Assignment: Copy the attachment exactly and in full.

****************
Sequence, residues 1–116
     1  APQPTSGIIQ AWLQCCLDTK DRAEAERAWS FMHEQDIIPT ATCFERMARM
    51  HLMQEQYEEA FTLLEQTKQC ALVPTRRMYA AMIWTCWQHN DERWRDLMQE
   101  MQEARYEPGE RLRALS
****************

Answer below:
Sequence, residues 1–116
     1  APQPTSGIIQ AWLQCCLDTK DRAEAERAWS FMHEQDIIPT ATCFERMARM
    51  HLMQEQYEEA FTLLEQTKQC ALVPTRRMYA AMIWTCWQHN DERWRDLMQE
   101  MQEARYEPGE RLRALS